As temperatures plummeted throughout Turkey following an African heat wave system, a cold front accompanied by strong winds, snowfall and hail brought winter back to eastern provinces and plateaus.
The Turkish State Meteorological Service (TSMS) warned Monday that heavy downpours would likely hit the northeastern provinces of Erzurum, Erzincan, Kars, Ağrı, Iğdır and Ardahan and the eastern province of Van with southern winds blowing up to 70 or 80 kilometers (around 40 to 50 miles) per hour.
Authorities warned citizens of flash floods, lightning, hail and falling objects, urging caution especially during travel, which has been restricted throughout Turkey as part of measures against the COVID-19 pandemic since midnight on Friday for a period of four days covering the Islamic holiday of Ramadan Bayram, also known as Eid al-Fitr. Throughout the region, strong winds tore up roofs, uprooted trees and damaged fields, although few injuries were reported thanks to the ongoing curfew.
In the southeastern province of Hakkari, strong winds starting Sunday night damaged roofs of homes and public buildings in the city center, whereas a booth serving as a taxi stand was rolled into a street.
Strong winds also damaged homes in Van’s city center as well as greenhouses and fields in the surrounding districts of Gürpınar, Saray, Gevaş and Özalp, where many sheep perished as the roof of a barn collapsed.
The storm also led to local power blackouts throughout the region, including in Ardahan’s city center.
In the southern city of Kahramanmaraş, several apartment buildings, a school, several grocery stores and billboards were damaged in the storm.
A hail storm that followed rainfall in the southeastern city of Diyarbakır covered streets in white, troubling the few drivers exempt from the curfew. Although the damage was minimal in the city center, crops were affected in the provincial countryside as well as in neighboring Elazığ province.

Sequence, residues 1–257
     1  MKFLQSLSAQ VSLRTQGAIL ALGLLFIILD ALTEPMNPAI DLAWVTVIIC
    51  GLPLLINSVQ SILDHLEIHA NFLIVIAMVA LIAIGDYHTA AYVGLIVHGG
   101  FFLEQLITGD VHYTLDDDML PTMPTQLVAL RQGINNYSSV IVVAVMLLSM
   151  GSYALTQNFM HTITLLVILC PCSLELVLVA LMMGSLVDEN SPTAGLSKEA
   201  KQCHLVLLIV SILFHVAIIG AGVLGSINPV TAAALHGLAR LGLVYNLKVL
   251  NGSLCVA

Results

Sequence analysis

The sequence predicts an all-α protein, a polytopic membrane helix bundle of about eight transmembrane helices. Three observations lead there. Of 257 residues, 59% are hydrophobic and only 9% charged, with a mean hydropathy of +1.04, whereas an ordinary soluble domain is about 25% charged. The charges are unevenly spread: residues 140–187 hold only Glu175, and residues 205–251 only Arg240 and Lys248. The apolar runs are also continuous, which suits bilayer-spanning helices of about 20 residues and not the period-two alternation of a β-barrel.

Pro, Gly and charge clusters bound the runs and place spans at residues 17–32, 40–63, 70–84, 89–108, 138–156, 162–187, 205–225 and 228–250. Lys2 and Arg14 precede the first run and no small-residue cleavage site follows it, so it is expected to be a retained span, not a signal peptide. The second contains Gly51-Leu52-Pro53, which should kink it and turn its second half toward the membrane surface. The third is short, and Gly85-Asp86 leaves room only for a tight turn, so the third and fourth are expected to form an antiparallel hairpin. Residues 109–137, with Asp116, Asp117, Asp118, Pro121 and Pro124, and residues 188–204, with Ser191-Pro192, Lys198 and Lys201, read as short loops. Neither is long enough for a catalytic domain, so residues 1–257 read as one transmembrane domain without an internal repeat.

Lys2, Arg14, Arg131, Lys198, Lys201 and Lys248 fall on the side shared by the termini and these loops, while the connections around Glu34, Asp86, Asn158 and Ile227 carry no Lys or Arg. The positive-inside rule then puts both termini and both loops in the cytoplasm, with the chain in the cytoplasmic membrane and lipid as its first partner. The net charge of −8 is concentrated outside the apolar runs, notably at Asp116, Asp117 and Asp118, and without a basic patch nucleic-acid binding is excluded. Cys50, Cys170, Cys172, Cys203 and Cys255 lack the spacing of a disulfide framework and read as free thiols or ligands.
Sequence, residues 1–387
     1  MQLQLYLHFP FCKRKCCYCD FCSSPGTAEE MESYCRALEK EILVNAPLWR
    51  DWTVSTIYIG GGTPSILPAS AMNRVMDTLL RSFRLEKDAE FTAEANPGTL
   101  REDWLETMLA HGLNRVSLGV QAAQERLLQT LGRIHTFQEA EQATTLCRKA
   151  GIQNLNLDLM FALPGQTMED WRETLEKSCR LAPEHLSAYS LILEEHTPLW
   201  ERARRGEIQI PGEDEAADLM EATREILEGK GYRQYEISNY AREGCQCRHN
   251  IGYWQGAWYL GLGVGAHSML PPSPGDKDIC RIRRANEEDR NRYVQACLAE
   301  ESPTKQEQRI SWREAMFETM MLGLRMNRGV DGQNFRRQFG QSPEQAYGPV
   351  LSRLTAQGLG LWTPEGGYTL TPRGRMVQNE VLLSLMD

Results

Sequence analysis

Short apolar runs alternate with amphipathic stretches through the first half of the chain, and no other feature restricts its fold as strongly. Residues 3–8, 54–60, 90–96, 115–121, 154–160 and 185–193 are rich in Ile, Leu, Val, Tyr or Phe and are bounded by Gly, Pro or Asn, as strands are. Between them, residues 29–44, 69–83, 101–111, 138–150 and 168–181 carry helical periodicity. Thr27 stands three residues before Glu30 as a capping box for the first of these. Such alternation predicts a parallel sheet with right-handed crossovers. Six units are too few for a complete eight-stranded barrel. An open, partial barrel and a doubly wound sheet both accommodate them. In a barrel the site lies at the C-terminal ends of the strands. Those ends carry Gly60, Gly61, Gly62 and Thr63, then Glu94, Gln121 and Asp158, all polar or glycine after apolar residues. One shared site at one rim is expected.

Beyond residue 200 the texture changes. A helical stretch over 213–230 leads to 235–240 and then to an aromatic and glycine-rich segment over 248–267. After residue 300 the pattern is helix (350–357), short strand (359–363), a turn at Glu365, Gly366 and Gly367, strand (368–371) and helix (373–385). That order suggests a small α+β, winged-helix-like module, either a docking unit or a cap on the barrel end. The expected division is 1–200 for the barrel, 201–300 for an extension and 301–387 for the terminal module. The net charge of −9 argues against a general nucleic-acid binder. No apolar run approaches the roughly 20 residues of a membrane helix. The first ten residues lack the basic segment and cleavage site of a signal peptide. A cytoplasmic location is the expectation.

Five neighborhood watchmen were injured early Monday as a car carrying them on their return from duty veered off the road in Erzurum’s Horasan district.
Snowfall also disrupted traffic and affected herders in highlands throughout the country, especially in the northern and eastern parts. High altitude areas in Erzincan province were particularly affected by the snowfall as many mountain passes were closed, village roads were blocked, and drivers had to use tire chains on highways.
A 70-year-old shepherd who had left his village was found dead after getting caught up in a snowstorm. Cattle breeders in the highlands of the Üzümlü district were luckier as they managed to return to their villages along with their herd. Shepherd Barış Metin Kurt told Anadolu Agency (AA) that the weather suddenly turned bad, and it is the first time they had encountered such a phenomenon in May.
A group of shepherds roaming the countryside of northern Kastamonu province with 440 sheep were stranded on a plateau after sudden snowfall. Some 80 sheep were found dead due to cold and exhaustion, and many are still unaccounted for. Shepherds themselves called for help from gendarmerie and locals, taking refuge in a nearby village along with their remaining animals.
In the highlands of northern Giresun province, more than a dozen shepherds and some 4,000 sheep were rescued as local units cleared snow-covered roads and brought in fodder for the animals.
A group of 30 people, including shepherds and their families, stranded in a highland in the Nurhak district of Kahramanmaraş were rescued by the local Disaster and Emergency Management Authority (AFAD) and gendarmerie units.